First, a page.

LEWISBURG, Pa. — The second edition of A Dictionary of Cultural and Critical Theory, which will be published after the new year by the distinguished British publishing house Wiley-Blackwell, is chock full of Bucknell University connections.
Michael Payne, professor emeritus of English who edited the first edition in 1996, is co-editor of the new 1,000-page tome along with Jessica Rae Barbera, a 1999 Bucknell graduate and current doctoral candidate in English at the University of Pittsburgh.
Several other Bucknell graduates are contributors, including Tara Gilligan, Class of '94 (Ph.D. in philosophy from Johns Hopkins and director of Women's Studies at Lafayette); Christina Phillips, Class of '06 (doctoral candidate in comparative literature at Harvard); Kate Parker, Classes of '03 and '04 (master's) (doctoral candidate in English and comparative literature at Washington University, St. Louis); and Leonore Fleming, Class of '05 (doctoral candidate in the philosophy of biology at Duke.)
Payne students Their contributions range in subject matter from feminist philosophy and fairytales to erotica and neo-Darwinism. All five took classes with Payne at Bucknell.
Of the 150 contributors writing for the new edition, more than 40 are current, former or retired members of Bucknell's faculty. And three other contributors — Stanley Cavell of Harvard University, Sir Frank Kermode of Cambridge University and Julia Kristeva of The University of Paris — are recipients of Bucknell's Award of Merit, one of the highest honors given by the University.
"The 150 contributors come from all over the world, but there is a significant concentration of Bucknell people," said Payne. "To the best of my knowledge, this is the largest publishing project currently in the works involving Bucknell faculty and alumni in the humanities and social sciences."
Published in 1996 First published in 1996 and having gone through eight printings, the new edition of A Dictionary of Cultural and Critical Theory revises and expands a volume that contains a wide range of topics in the combined fields of cultural and critical theory, Payne said.
One of the articles in the first edition that is being overhauled is the one on race and racism.
"It now looks very dated," said Payne. "Today there's a whole new way of talking about race. It's called comparative racialization. The notion being that there is no essence to any race, that if we were able to trace back our family tree far enough we'd discover comparative racialization in all of us."
Youthful ideas Payne said one of the reasons he reached out to work with co-editor Barbera, the 1999 Bucknell graduate, is that she brought a wealth of youthful ideas to the new edition, including topics on graphic narrative, pain, and the impact of medical narrative on the treatment of patients.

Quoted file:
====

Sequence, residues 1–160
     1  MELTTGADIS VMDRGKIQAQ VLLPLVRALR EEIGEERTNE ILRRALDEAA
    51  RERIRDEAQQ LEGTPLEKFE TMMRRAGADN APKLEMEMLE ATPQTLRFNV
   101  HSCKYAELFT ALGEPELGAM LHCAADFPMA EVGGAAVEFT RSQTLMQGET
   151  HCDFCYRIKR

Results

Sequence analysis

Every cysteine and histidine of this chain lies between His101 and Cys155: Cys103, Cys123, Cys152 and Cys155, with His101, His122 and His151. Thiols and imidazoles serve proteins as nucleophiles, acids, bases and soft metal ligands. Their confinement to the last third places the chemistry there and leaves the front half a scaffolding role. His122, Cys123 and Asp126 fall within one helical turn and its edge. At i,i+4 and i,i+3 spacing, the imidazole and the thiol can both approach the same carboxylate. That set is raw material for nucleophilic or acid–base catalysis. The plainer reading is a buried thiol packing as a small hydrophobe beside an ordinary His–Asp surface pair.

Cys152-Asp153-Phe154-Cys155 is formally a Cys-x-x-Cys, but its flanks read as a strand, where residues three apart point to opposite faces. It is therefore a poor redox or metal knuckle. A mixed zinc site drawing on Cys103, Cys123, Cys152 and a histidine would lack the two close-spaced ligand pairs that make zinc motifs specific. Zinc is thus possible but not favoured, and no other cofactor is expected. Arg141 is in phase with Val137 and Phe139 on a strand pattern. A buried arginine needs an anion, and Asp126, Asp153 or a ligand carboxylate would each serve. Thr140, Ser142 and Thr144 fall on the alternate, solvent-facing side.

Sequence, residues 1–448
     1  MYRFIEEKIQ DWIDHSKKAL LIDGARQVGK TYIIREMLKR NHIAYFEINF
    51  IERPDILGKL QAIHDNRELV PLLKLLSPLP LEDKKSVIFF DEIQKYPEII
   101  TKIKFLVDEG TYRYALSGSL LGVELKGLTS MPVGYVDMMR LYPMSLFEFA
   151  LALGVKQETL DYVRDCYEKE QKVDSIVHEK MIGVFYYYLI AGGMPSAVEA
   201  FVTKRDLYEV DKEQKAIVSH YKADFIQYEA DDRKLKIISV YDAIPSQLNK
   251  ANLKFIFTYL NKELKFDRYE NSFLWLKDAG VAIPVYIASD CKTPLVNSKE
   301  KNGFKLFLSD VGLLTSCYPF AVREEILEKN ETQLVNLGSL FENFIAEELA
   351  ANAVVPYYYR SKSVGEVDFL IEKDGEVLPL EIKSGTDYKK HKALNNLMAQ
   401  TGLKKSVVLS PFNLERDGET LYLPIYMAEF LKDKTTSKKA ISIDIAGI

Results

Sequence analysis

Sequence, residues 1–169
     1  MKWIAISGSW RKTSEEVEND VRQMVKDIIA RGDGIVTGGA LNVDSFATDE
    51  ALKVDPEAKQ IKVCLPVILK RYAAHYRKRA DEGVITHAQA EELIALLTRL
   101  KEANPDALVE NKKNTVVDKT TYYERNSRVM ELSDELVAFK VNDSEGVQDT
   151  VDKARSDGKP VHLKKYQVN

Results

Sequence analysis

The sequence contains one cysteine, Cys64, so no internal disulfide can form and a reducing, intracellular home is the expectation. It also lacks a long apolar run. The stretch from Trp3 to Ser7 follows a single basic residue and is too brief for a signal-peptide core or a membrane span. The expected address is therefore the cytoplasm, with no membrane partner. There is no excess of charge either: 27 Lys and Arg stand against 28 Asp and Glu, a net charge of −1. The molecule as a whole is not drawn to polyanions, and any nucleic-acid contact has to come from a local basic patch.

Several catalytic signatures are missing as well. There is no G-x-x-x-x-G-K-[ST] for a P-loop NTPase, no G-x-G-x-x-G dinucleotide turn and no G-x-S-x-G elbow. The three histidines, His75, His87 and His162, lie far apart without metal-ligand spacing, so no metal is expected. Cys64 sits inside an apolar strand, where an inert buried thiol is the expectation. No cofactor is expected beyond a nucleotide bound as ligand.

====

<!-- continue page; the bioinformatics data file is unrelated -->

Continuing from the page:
The dictionary has its roots in two 1980s Bucknell English Department projects that were under way, The NEH Humanities Coherence Grant and The Mellon Program in Literary Theory and Poetry, which Payne directed with another professor, Harold Schweizer.
The English publisher Blackwell knew Payne through the publication of the 12-volume edition of lectures in literary theory, as well as several literary theory books that Payne had authored. They asked if he'd be interested in editing a dictionary that had been briefly sketched out.
Half-page description "All they had at the time was this half-page description of the project," said Payne. "By this time, I'd done the 12-volume lecture series and these two other books and they asked me if I'd be interested in picking up this dictionary project. It looked interesting to me and I was fortunate to have a sabbatical at the right time and I said sure."
As he dug into the project, he sketched out an ideal topic list but didn't yet have in hand the writers to produce the text for those entries.
"We had topics, but no contributor list," said Payne. "So, as I started to contact people, it sort of spread out like a tree diagram and one thing would lead to another. Someone would say, 'Well, that's a good topic,' and then say, 'I have three other ideas.' It spread in that way." Meenakshi Ponnuswami, also in the Bucknell English Department, who served as associate editor of the first edition, was "tremendously helpful" in locating excellent contributors.
Three topic groupings Topics for the first edition were segmented into three main groupings: 50 to 500 words on definitions of key terms, 1,000 words on major theoretical concepts, and 3,000 words on author and area topics. "This is where the hybrid or bifurcated title of the book comes in. It is unique in that it is both a dictionary of cultural studies and critical theory together. The idea was to give equal time to the two sides of the title."
The first edition has been translated into Spanish and Arabic and can now be found in most university and research libraries throughout the world. "Ironically, it's an important source for understanding Western modernism," said Payne. "The Arabic translators thought that for an Arab-speaking audience the book might provide a way of understanding the current state of Western thinking about culture and critical theory. And of, course, that's exactly what the book was intended to do for Western readers as well."
He said if he revisited the dictionary in another 12 years he wouldn't be surprised if it underwent yet another complete overhaul.
'Mercurial fields' "I said in the introduction that I wrote in 1996 that culture and critical theory are two incredibly mercurial fields and that they are constantly changing. I didn't anticipate at that time that we'd be doing another edition, but I did say that it's conceivable that within a decade or so that these two fields will have morphed in completely unimaginable ways."
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